Daria on the Trail Part One

DISCLAIMER: I do not own either the Game of Thrones or A Song of Ice and Fire. Nor do I own Daria Morgendorffer. The former belongs to GRR Martin and Daria belongs to MTV Viacom. This story based on the real Oregon Trail and has little or nothing to do with the computer game of the same name. This work of fiction is written for my own amusement and ego gratification, not for profit.

My thanks to Ultimate Paladin for giving me the idea that inspired this story.

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Daria from Daria: Winter Is Coming lands in my Farewell to the Riverlands project.

Daria woke up with a start. There was something on her leg. Whatever it was, it was moving. She sat up, brushing the thick, scratchy woolen blanket away from her chest. She was lying on the ground. It was dark: late night or early morning, she guessed by the bright stars overhead and by hint of dawn off on the horizon.

What the Hell, she asked herself. Where was she? What was she doing outdoors? And why had she been dressed when she'd suddenly woken up? She remembered coming in the night before, splashing water on her face in the bathroom she'd been shared with another grad student, then retiring to the bedroom she'd shared with her, slithering into bed and falling asleep. She wasn't dressed like she was now; she'd been wearing pajamas.

Her heart started pounding harder as she began taking in more of her surroundings. She'd been lying inside a circle of what looked like covered wagons. Other people were up and stirring around. So were what she thought were cows, at least as far as she could guess by the mooing and other noises they made. By the sounds they were making, they were waking up and breaking camp. Just like pioneers crossing the prairies, she thought sardonically.

Whatever the hell is going on, you'd better get up, girl, some inner voice told her. You're likely to be stepped on or tripped over. She rose to her feet. The idea of getting stepped on or tripped over by some guy was bad enough, but the idea of being stepped on by what were presumably oxen was worse. Where the Hell was she, she wondered again.

Despite the fact that it was still dark, she could tell that there was a woman nearby and by the sound of her voice, she was waking up her children. Daria walked over to her, thinking that if they were way out here, they presumably spoke some English.

"Excuse me," she said, "Where are we?"

"Who are you?" said the woman. She said it in Andal, not English, Daria realized with a shock. It was too dark for Daria to check out the style of the woman's dress, but the nearby covered wagons looked like mid-19th century prairie schooners of the sort used by Oregon pioneers or by forty-niners during the California Gold Rush, not the earlier Conestoga wagons used in the east or anything she thought was used back in Europe during the Middle Ages.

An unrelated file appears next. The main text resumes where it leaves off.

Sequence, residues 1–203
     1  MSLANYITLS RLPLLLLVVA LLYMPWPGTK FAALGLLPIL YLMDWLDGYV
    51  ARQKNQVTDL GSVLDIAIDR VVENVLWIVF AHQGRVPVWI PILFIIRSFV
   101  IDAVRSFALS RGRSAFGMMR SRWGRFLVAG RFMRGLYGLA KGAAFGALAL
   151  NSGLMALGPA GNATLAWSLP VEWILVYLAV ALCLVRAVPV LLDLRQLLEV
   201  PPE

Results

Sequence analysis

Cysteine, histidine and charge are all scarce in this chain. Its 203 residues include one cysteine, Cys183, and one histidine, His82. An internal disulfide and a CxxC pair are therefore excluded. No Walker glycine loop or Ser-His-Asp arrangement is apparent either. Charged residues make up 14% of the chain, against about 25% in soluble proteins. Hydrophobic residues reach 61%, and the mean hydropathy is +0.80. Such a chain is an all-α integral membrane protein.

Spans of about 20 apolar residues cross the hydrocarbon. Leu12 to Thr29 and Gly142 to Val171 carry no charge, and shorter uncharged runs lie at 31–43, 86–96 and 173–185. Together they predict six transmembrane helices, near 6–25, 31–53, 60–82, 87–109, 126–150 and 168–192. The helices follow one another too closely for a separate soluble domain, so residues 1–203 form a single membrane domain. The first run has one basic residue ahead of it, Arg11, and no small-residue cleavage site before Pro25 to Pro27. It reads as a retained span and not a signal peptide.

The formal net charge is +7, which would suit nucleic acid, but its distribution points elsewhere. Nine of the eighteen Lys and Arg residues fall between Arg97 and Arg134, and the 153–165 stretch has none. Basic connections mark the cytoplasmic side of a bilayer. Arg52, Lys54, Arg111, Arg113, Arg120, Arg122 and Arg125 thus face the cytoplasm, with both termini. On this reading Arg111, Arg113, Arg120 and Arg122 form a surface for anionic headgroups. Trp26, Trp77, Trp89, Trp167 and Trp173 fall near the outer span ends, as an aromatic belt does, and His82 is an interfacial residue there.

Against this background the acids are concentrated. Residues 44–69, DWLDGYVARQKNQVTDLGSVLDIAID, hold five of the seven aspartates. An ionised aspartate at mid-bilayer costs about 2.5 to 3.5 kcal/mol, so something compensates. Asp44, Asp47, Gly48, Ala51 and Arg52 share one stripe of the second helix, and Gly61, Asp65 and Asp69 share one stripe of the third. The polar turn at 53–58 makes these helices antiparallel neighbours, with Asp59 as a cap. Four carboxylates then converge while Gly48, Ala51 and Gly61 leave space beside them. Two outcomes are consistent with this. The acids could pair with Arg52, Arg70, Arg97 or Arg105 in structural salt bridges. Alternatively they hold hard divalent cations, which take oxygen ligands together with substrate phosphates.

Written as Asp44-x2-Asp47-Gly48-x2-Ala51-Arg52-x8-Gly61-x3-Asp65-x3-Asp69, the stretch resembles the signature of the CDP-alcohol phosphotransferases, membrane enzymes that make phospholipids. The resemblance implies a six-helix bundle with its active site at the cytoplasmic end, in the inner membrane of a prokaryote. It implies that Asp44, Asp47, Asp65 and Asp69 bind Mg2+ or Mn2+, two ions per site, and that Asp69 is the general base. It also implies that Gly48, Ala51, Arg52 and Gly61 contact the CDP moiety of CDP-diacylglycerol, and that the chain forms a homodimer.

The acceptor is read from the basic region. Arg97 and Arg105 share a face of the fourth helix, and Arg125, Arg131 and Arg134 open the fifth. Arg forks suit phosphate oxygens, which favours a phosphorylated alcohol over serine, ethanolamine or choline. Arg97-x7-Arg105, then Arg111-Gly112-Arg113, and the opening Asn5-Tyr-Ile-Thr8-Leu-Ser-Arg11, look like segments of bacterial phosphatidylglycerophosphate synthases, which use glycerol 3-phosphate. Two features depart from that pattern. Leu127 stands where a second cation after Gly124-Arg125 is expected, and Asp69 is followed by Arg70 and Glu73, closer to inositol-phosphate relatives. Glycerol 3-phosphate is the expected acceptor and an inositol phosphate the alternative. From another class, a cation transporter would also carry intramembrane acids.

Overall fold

"My name is Daria Morgendorffer," Daria replied in her hard-learned Andal, "I'm from Lawndale, Maryland and I fell asleep in a room near Boston before waking up here."

"You're an American. You speak Andal," the strange woman said wonderingly. "Not very many of your people do."

"Thanks," said Daria. "I had a couple of good teachers."

"But to answer your question, we are in what I think is Nebraska on our way to Oregon," said the woman. "We left Westport seven weeks ago and we still have a long way to travel."

Daria stopped and took several deep breaths. Her first impulse was to take these people as hard-core pioneer reenactors, although why this woman and presumably other people in this party spoke Andal didn't match. Her theory began to take a beating from the sights and smells and sounds coming at her from all sides as the pioneers began to pack up their gear, yoke their oxen, and began cooking breakfast. began to chip other holes in her theory. The smell of the animal dung they used to fuel their campfires was quite distinctive: Daria remembered it from a field trip to a pioneer museum back in Highland. Why the Hell would anyone use that in the twenty-first century when gas and alcohol fired-grills were available? She started looking for other anachronisms and couldn't find any: the obvious ones like cell phones and cameras were missing. Nor did anybody have coolers, plastic bags, Tupperware, toothbrushes, toilet paper, other things that made a turn-of-the-millennium outing halfway-tolerable. She could chalk up the former being missing to these people being hard-core reenactors, but what worried her was that the latter were missing too. She began to worry that these people weren't re-enactors at all: instead they were the real deal and that somehow, some way, she had been brought from her world and her time to this one.

Author's Note:

This alternate-universe Daria Morgendorffer is from my story Daria: Winter Is Coming.